10 Credible Studies That Show Chinese Medicine Works!
I’m very excited to announce a new and very talented guest blogger. Her name is Yael Ernst and she comes to us all the way from Tel Aviv Israel. Yael’s blog is called Chinese Medicine Notes, be sure to check it out.
The following post from Yael’s blog; 10 Studies That Prove Chinese Medicine Actually Works is a great resource for research on TCM.
Don’t you just love it when you talk to people about Chinese Medicine and then they say something like “oh, that’s all good, but when it comes down to it, I want to be treated by something that really works. No offence but CM (Chinese Medicine) was never proved”?
Don’t you fall in-love with those articles on the Internet that tell you you’re a quack because you practice CM? And then they explain how you wasted money for 4 years on studying something that doesn’t work, isn’t correct, never was proved scientifically, and they go on telling the whole world to be careful from people like you, your friends, your teachers…
Research in Chinese Medicine is not a new thing. I personally think it’s a bit of a problem to force the research models that apply to Western Medicine on CM mainly because CM includes to much more. How do you research the pulse? How do you research the TMM channels? How do you research the treatment of Shen in Shen? And if you can’t do it according to the rules of research by Western Medicine, does this mean it’s all lies? Of course not. Not everything in this world is research-able. But they are important because this is just another way for Chinese Medicine to develop a serious dialogue with Western Medicine.
That being said, I give you 10 studies that prove Chinese Medicine actually works. And all those who need proof- here you have it. All good websites, note that they need registration- it’s free.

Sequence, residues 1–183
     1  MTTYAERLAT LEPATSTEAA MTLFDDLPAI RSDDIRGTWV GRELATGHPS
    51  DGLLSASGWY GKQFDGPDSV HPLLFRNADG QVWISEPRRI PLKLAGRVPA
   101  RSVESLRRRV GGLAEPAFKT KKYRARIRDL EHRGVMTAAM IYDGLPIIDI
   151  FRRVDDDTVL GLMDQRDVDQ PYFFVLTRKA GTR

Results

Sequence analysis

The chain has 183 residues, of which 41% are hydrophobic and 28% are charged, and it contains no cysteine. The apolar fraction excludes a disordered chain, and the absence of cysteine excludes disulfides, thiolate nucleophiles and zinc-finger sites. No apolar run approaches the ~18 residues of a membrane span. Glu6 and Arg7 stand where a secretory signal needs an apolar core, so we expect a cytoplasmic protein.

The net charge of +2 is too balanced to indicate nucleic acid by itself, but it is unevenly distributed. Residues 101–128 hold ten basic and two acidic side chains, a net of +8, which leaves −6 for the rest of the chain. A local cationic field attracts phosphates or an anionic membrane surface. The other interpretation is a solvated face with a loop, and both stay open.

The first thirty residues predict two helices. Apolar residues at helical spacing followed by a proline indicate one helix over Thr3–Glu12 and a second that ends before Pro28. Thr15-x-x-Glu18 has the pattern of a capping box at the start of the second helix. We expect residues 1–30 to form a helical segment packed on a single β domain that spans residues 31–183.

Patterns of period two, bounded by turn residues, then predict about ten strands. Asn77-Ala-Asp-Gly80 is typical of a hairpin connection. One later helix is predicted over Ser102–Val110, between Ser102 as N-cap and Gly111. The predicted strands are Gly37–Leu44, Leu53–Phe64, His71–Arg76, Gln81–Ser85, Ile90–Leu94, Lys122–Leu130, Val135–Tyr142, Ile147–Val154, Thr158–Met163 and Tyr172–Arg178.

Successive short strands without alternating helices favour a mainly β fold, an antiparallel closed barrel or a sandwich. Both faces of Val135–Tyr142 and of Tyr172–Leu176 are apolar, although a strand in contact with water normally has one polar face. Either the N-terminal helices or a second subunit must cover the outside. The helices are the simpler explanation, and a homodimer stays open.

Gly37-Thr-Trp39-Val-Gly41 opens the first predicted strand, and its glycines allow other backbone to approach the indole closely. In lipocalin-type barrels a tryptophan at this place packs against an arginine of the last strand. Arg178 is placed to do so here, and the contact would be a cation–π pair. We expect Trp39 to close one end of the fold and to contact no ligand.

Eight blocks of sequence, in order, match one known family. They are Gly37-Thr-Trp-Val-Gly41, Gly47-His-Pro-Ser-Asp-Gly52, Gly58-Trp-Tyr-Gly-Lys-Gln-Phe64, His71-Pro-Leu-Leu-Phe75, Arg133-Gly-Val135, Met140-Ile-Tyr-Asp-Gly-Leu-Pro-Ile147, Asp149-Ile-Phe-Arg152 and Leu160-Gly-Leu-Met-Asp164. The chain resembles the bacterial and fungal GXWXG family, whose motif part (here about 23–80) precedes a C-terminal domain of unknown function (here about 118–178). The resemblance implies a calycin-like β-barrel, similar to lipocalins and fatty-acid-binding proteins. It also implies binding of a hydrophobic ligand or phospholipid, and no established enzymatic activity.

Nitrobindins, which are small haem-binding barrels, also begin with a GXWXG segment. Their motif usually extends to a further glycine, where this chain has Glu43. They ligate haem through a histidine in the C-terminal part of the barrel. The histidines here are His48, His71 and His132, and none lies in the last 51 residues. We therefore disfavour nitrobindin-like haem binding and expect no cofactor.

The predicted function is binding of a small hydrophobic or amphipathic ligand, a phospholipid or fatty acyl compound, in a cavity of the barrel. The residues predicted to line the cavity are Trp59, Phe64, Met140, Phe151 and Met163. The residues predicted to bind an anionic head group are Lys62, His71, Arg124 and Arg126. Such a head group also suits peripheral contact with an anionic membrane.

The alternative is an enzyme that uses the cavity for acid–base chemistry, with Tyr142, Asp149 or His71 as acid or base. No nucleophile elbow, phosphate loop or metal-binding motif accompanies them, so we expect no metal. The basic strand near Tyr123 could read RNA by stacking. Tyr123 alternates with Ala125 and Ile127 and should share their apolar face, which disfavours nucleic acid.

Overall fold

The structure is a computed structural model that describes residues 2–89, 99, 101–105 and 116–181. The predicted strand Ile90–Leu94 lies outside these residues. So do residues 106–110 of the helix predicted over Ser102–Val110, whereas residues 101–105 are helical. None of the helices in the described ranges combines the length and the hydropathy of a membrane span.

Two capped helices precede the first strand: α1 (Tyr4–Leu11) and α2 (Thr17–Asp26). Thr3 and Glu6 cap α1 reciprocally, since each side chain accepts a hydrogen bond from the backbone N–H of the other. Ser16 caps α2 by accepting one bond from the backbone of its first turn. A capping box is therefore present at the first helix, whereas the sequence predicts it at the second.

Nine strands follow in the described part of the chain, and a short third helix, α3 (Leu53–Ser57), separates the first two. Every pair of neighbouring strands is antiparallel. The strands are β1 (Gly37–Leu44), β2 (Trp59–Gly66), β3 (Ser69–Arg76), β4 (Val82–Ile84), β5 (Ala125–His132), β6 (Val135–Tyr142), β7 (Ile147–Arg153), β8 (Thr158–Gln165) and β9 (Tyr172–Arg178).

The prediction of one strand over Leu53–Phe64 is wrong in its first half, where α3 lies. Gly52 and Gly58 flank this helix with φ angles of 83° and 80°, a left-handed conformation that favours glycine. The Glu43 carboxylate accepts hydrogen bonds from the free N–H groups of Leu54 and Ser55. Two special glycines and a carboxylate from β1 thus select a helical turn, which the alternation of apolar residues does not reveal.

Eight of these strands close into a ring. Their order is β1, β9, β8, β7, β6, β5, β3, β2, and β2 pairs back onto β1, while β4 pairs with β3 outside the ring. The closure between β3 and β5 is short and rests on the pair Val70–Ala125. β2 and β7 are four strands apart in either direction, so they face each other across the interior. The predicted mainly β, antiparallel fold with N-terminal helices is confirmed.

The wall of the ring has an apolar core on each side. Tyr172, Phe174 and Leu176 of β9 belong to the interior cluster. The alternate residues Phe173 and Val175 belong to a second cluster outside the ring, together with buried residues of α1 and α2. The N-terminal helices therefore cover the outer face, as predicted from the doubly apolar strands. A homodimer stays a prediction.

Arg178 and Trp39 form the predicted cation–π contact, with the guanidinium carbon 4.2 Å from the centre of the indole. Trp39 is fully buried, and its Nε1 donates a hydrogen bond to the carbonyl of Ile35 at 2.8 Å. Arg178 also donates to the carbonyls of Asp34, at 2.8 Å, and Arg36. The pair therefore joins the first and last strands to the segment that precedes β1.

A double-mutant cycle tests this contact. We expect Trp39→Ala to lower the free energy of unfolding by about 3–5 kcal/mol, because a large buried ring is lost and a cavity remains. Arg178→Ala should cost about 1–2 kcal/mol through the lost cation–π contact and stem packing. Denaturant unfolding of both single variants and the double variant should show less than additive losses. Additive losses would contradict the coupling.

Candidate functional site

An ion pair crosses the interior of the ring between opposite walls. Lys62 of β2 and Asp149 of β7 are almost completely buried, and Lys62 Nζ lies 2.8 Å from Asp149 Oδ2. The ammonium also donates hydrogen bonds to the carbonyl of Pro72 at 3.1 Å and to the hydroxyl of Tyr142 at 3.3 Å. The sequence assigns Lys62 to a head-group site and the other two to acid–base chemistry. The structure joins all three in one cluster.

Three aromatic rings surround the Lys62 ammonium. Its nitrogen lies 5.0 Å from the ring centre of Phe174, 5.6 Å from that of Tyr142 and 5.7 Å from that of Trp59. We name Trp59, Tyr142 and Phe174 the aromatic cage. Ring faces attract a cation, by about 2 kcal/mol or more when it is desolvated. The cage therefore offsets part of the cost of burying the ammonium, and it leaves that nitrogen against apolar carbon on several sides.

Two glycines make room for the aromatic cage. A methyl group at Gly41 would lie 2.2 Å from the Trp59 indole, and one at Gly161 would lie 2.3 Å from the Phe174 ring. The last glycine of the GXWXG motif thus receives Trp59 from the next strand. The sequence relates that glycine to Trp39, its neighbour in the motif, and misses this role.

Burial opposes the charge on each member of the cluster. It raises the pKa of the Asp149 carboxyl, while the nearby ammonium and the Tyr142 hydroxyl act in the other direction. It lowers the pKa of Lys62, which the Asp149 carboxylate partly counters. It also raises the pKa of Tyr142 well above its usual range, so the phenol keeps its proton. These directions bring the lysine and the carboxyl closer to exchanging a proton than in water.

A pilot study on using Acupucnture and TENS to treat knee osteoarthritis– taken from the CMJournal. Note it.
Effects of Acupuncture on rates of pregnancy and live birth among women undergoing IVF– taken from BMJ. Note it. A personal favorite of mine, because it can help those women who have so much going on due to huge amounts of hormones in them. Western Medicine hardly acknowledge the psychological and emotional impact those treatments have on women and don’t offer anything to help the women cope with it.
Effects of Yinchenhao Tang and related decoction on DMN induced cirrhosis/fibrosis in rats– taken from the CMJournal. Note it.
Blood Pressure changes with Acupuncture comparable to ACE-inhibitor monotherapy– taken from Medscape. Note it.
Randomised controlled study on ginger-salt-partitioned moxibustion at shenque (CV8) on urination disorder poststroke– taken from PubMed. Note it.
Randomised trial of long term effect on acupuncture for shoulder pain– taken from PubMed. Note it.
Acupuncture: a promising treatment for depression during pregnancy– taken from PubMed. Note it. Another personal favorite, an answer to a popular problem all around the world, yet not enough women talk about it (for example the brave Brooke Shields).
Acupuncture may be helpful for pelvic girdle pain during pregnancy– taken from Medscape. Note it. Did someone say Dai Mai?
Acupuncture ‘more than a placebo’– taken from BBC news. Note it.
Tai Chi may reduce falls in the elderly– taken from Medscape. Note it. Another personal favorite, the need to think about the elderly and the art of Tai Chi steps in to help is beautiful.
You can find lots more in those websites mentioned.
Please leave your notes, I will be happy to read and respond.
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